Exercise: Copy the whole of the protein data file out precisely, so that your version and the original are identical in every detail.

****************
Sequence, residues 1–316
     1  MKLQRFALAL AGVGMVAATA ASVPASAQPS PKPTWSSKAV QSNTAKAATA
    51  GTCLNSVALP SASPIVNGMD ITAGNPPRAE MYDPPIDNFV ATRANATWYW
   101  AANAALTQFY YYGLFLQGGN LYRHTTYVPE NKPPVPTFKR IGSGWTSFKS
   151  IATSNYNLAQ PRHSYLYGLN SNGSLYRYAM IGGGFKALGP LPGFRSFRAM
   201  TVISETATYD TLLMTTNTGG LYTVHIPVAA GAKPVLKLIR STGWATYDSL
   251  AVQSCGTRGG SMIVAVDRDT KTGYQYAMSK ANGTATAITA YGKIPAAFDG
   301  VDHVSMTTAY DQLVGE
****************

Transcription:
Sequence, residues 1–316
     1  MKLQRFALAL AGVGMVAATA ASVPASAQPS PKPTWSSKAV QSNTAKAATA
    51  GTCLNSVALP SASPIVNGMD ITAGNPPRAE MYDPPIDNFV ATRANATWYW
   101  AANAALTQFY YYGLFLQGGN LYRHTTYVPE NKPPVPTFKR IGSGWTSFKS
   151  IATSNYNLAQ PRHSYLYGLN SNGSLYRYAM IGGGFKALGP LPGFRSFRAM
   201  TVISETATYD TLLMTTNTGG LYTVHIPVAA GAKPVLKLIR STGWATYDSL
   251  AVQSCGTRGG SMIVAVDRDT KTGYQYAMSK ANGTATAITA YGKIPAAFDG
   301  VDHVSMTTAY DQLVGE